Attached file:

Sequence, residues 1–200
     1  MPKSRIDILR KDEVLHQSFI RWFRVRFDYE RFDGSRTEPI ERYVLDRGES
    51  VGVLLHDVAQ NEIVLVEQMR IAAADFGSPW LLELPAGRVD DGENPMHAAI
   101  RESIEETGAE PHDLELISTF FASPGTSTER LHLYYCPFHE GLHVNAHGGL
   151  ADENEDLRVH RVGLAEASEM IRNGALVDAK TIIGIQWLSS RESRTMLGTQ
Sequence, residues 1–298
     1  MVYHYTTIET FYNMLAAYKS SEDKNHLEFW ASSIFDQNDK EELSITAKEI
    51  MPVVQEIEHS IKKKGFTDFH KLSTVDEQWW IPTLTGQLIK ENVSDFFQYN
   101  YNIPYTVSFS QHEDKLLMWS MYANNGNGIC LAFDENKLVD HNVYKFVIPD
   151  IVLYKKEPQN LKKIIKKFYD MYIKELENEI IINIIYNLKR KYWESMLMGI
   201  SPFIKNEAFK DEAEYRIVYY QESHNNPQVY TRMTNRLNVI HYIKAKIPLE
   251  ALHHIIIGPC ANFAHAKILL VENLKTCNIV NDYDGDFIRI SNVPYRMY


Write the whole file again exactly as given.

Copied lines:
Sequence, residues 1–200
     1  MPKSRIDILR KDEVLHQSFI RWFRVRFDYE RFDGSRTEPI ERYVLDRGES
    51  VGVLLHDVAQ NEIVLVEQMR IAAADFGSPW LLELPAGRVD DGENPMHAAI
   101  RESIEETGAE PHDLELISTF FASPGTSTER LHLYYCPFHE GLHVNAHGGL
   151  ADENEDLRVH RVGLAEASEM IRNGALVDAK TIIGIQWLSS RESRTMLGTQ
Sequence, residues 1–298
     1  MVYHYTTIET FYNMLAAYKS SEDKNHLEFW ASSIFDQNDK EELSITAKEI
    51  MPVVQEIEHS IKKKGFTDFH KLSTVDEQWW IPTLTGQLIK ENVSDFFQYN
   101  YNIPYTVSFS QHEDKLLMWS MYANNGNGIC LAFDENKLVD HNVYKFVIPD
   151  IVLYKKEPQN LKKIIKKFYD MYIKELENEI IINIIYNLKR KYWESMLMGI
   201  SPFIKNEAFK DEAEYRIVYY QESHNNPQVY TRMTNRLNVI HYIKAKIPLE
   251  ALHHIIIGPC ANFAHAKILL VENLKTCNIV NDYDGDFIRI SNVPYRMY